We now come to the final part in this series looking at how colleges can ensure they are well prepared for their area review. As we mentioned in Part 1, the background to the area reviews is the Government’s desire to “raise productivity and economic growth”, and one of the two objectives of the reviews is to foster “Better responsiveness to local employer needs and economic priorities”.
We suggested that for colleges, what this might mean is that they should seek to go into their area review with the ability to:
1. Articulate the existing economic value and contribution they make to local productivity
2. Show that they understand the needs and priorities of their local labour market
3. Evidence that they are responding to local employer needs and economic priorities.
We covered the first of these two points in Part 2 and Part 3, but even if a college were to undertake these steps they would still be left with a question: Articulating our current economic impact and showing that we have taken steps to better understand our local economy are clearly important, but how on earth do we evidence that we are responding to local employer needs and economic priorities?
If the area reviews are looking for evidence from colleges that they have taken steps or are taking steps to ensure that their curriculum is aligned with local employment needs and economic priorities, what colleges need is therefore a mechanism whereby they can map their curriculum to their local labour market. Ordinarily, this would seem like a daunting, perhaps even impossible task. However, we’d like to share with you a couple of tools that we have recently developed, which take away virtually all the hassles and problems involved in mapping courses to labour market demand.
The first of these tools is a presentation-ready consultancy report, Course and Curriculum Alignment. The aim of these reports is to establish the level of course and curriculum alignment at a college with its labour market by focusing on matching the supply of learners (course completers) with demand for the applicable occupations and careers that align to the courses the learner completes. These reports contain the following:
A comparison of labour market demand against the college’s courses
A supply/demand analysis highlighting where the college is oversupplying to the local economy, and areas of possible undersupply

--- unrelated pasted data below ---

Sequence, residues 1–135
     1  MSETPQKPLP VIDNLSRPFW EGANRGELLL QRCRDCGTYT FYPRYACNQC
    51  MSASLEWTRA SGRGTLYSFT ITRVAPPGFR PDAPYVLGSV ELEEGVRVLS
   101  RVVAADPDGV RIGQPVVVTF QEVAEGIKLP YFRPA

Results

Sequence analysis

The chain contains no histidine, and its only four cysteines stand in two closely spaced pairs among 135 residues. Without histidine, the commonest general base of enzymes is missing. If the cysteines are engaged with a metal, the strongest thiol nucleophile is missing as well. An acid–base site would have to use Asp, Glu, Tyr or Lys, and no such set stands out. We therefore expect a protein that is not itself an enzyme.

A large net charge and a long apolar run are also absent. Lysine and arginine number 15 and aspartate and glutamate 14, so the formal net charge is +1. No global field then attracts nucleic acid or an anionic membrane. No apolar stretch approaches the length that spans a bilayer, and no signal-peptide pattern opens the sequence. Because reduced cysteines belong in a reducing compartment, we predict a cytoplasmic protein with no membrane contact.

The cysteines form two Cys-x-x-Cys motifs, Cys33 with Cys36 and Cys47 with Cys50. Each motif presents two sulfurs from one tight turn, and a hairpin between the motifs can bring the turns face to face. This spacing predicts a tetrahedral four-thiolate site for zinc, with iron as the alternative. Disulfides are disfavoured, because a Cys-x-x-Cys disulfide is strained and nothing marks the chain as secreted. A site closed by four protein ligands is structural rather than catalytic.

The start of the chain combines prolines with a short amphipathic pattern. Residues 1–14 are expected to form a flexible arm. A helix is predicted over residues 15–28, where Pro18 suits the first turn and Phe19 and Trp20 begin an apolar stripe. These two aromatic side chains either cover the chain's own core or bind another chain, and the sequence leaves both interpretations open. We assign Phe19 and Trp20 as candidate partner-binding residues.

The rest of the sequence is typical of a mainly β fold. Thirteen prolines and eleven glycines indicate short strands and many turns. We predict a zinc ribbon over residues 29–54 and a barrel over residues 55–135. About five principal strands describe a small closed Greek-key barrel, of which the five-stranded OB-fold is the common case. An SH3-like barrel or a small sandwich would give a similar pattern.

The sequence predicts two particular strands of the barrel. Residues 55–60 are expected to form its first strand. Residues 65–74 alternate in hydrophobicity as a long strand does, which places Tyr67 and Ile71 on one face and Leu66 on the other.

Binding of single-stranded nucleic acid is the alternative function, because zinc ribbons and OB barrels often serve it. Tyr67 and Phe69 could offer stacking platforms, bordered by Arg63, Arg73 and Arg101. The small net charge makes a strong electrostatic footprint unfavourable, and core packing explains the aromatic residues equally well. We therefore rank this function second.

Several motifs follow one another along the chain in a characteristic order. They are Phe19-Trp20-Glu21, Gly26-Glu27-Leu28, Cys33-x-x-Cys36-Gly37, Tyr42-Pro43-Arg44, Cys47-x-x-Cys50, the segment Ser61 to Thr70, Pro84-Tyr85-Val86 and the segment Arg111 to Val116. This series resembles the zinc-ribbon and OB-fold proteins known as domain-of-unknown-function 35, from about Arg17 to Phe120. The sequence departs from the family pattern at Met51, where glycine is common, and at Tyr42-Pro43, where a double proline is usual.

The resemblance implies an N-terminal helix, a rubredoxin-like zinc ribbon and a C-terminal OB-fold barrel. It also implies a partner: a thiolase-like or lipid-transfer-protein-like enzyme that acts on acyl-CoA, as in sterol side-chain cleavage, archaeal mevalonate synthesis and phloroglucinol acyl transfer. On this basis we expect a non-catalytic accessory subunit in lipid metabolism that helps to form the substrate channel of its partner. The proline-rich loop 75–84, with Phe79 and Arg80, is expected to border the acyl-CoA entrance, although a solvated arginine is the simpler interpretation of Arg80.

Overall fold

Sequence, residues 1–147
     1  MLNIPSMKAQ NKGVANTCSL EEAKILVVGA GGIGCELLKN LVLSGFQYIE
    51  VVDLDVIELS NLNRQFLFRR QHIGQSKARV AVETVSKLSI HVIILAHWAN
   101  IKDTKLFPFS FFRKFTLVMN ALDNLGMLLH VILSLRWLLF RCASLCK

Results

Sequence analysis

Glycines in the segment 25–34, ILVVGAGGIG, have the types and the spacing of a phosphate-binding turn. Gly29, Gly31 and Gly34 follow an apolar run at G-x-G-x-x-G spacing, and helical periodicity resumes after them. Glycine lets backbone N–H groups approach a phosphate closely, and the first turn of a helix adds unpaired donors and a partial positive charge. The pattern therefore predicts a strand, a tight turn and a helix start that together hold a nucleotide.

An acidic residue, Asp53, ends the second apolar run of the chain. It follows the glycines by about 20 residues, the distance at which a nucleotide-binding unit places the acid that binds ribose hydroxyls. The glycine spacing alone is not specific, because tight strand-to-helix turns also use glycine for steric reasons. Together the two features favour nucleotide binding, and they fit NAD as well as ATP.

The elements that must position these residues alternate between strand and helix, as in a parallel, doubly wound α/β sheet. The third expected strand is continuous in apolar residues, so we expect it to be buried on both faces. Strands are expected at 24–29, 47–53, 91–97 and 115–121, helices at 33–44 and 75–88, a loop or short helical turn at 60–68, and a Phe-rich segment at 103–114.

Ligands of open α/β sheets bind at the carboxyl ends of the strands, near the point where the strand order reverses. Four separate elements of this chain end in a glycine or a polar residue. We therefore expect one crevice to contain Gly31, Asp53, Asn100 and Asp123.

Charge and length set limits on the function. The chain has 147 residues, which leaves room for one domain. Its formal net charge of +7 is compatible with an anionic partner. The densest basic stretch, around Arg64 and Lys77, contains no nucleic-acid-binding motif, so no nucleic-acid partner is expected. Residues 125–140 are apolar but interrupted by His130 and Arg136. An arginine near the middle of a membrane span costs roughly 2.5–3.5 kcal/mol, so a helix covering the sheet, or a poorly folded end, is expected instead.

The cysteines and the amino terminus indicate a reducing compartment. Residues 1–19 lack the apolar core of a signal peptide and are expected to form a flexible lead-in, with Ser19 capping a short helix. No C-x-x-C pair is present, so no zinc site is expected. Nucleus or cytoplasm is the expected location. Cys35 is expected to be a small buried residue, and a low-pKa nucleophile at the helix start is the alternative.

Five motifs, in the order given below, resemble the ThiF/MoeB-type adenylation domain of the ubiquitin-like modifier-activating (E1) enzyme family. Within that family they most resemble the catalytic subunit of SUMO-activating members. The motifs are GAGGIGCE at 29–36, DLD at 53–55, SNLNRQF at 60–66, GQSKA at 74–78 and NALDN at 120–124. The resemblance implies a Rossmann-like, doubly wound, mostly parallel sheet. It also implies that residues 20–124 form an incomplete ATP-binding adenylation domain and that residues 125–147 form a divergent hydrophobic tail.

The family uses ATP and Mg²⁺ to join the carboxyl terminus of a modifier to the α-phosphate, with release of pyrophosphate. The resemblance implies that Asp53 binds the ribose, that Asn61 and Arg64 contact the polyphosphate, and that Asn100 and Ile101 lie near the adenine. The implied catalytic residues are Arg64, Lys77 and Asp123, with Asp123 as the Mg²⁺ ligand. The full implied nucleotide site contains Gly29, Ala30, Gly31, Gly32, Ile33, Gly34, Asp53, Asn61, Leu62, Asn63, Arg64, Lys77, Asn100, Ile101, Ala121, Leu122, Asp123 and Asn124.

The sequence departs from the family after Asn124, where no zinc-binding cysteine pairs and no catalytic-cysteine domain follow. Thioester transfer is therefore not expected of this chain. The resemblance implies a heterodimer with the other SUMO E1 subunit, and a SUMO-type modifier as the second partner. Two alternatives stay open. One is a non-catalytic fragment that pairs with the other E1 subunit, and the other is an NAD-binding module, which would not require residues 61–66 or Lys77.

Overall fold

Staffing Pattern Analysis
An analysis of the primary occupations of workers in the college’s regional industries
A summing up of the main findings of the report, with suggestions for curriculum areas that the college might consider increasing or decreasing to better align with the labour market
You can see for yourself more clearly what is contained in these reports by clicking here or on the image above, both of which link to an anonymised version.
Curriculum Planner is a new function that we have recently built into Analyst, which enables colleges to upload their courses into the tool and very quickly view the relationship between course completion volumes (labour market supply) and local employment trends for associated occupations (labour market demand). Curriculum Planner enables colleges to identify which courses are currently oversupplying the labour market, and which areas of high labour market demand are currently not being met. This can then feed back into curriculum planning to ensure true responsiveness to the needs of the local economy.
After inputting the courses into the system, the college can download two key reports:
1. A detailed review of a course area or collection of course areas
2. A summary overview of all course areas, completion numbers and key employment trends
We’re Here to Help
The announcement of the area reviews seems to have shaken the sector somewhat, partly because they are an unknown quantity, and partly because the subtext of them is clearly that colleges that are deemed to be failing to respond to local employer needs and economic priorities will be forced to collaborate, merge or even close. However, we believe that with the right planning and preparation, colleges can go into their reviews confident that they have everything they need to convince the steering group that they are “responding to local employer needs and economic priorities”.
We are here to help you achieve this, and we are confident that the tools we have mentioned throughout this series will prove to be of inestimable value as you prepare for your review. With an Economic Impact Study, you can confidently demonstrate to the steering group that your college plays a crucial part in boosting local economic productivity and growth. With Analyst, you can show clearly that you have a sound understanding of the needs and priorities of your local economy. And with our Consulting offer or Curriculum Planner function, you can demonstrate that you have taken steps to respond effectively to those needs and priorities.
If you would like more information about how we can help you navigate your way through your area review, contact Andy Durman (firstname.lastname@example.org)